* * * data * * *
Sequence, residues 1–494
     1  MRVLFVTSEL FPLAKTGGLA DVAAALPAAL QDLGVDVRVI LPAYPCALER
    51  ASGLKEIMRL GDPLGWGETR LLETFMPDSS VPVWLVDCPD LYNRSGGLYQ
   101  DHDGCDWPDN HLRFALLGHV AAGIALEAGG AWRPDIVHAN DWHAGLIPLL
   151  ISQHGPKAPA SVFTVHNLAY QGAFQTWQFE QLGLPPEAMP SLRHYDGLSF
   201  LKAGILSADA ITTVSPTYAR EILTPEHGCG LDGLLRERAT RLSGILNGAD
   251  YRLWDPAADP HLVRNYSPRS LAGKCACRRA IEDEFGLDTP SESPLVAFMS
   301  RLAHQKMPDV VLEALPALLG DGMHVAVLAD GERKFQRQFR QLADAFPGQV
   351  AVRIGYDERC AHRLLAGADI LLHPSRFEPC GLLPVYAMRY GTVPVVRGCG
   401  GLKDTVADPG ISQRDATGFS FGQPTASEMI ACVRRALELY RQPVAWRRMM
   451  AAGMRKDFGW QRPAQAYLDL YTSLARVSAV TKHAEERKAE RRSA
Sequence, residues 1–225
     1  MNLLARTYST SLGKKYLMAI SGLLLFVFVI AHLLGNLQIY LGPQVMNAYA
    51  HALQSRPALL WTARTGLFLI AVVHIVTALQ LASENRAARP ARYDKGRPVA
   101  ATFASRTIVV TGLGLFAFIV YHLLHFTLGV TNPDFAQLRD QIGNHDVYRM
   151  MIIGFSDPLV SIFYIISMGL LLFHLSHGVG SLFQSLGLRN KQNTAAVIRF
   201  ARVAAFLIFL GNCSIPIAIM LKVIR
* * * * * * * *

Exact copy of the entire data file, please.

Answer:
Sequence, residues 1–494
     1  MRVLFVTSEL FPLAKTGGLA DVAAALPAAL QDLGVDVRVI LPAYPCALER
    51  ASGLKEIMRL GDPLGWGETR LLETFMPDSS VPVWLVDCPD LYNRSGGLYQ
   101  DHDGCDWPDN HLRFALLGHV AAGIALEAGG AWRPDIVHAN DWHAGLIPLL
   151  ISQHGPKAPA SVFTVHNLAY QGAFQTWQFE QLGLPPEAMP SLRHYDGLSF
   201  LKAGILSADA ITTVSPTYAR EILTPEHGCG LDGLLRERAT RLSGILNGAD
   251  YRLWDPAADP HLVRNYSPRS LAGKCACRRA IEDEFGLDTP SESPLVAFMS
   301  RLAHQKMPDV VLEALPALLG DGMHVAVLAD GERKFQRQFR QLADAFPGQV
   351  AVRIGYDERC AHRLLAGADI LLHPSRFEPC GLLPVYAMRY GTVPVVRGCG
   401  GLKDTVADPG ISQRDATGFS FGQPTASEMI ACVRRALELY RQPVAWRRMM
   451  AAGMRKDFGW QRPAQAYLDL YTSLARVSAV TKHAEERKAE RRSA
Sequence, residues 1–225
     1  MNLLARTYST SLGKKYLMAI SGLLLFVFVI AHLLGNLQIY LGPQVMNAYA
    51  HALQSRPALL WTARTGLFLI AVVHIVTALQ LASENRAARP ARYDKGRPVA
   101  ATFASRTIVV TGLGLFAFIV YHLLHFTLGV TNPDFAQLRD QIGNHDVYRM
   151  MIIGFSDPLV SIFYIISMGL LLFHLSHGVG SLFQSLGLRN KQNTAAVIRF
   201  ARVAAFLIFL GNCSIPIAIM LKVIR